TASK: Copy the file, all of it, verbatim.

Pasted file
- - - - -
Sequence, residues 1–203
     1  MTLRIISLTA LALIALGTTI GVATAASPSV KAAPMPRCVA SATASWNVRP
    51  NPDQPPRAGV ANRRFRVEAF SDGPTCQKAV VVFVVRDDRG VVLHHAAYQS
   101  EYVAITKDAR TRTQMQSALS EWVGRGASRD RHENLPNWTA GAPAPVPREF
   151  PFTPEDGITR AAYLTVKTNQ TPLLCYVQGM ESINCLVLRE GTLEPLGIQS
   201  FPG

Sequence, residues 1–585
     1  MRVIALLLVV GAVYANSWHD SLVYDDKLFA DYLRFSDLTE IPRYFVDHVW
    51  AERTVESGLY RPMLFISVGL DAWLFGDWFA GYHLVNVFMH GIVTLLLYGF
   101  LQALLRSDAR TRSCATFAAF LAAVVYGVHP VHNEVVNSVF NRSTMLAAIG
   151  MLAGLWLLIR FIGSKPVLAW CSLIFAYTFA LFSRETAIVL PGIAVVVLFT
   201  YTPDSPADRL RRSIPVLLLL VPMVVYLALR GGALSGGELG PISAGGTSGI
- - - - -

Sequence, residues 1–203
     1  MTLRIISLTA LALIALGTTI GVATAASPSV KAAPMPRCVA SATASWNVRP
    51  NPDQPPRAGV ANRRFRVEAF SDGPTCQKAV VVFVVRDDRG VVLHHAAYQS
   101  EYVAITKDAR TRTQMQSALS EWVGRGASRD RHENLPNWTA GAPAPVPREF
   151  PFTPEDGITR AAYLTVKTNQ TPLLCYVQGM ESINCLVLRE GTLEPLGIQS
   201  FPG

Sequence, residues 1–585
     1  MRVIALLLVV GAVYANSWHD SLVYDDKLFA DYLRFSDLTE IPRYFVDHVW
    51  AERTVESGLY RPMLFISVGL DAWLFGDWFA GYHLVNVFMH GIVTLLLYGF
   101  LQALLRSDAR TRSCATFAAF LAAVVYGVHP VHNEVVNSVF NRSTMLAAIG
   151  MLAGLWLLIR FIGSKPVLAW CSLIFAYTFA LFSRETAIVL PGIAVVVLFT
   201  YTPDSPADRL RRSIPVLLLL VPMVVYLALR GGALSGGELG PISAGGTSGI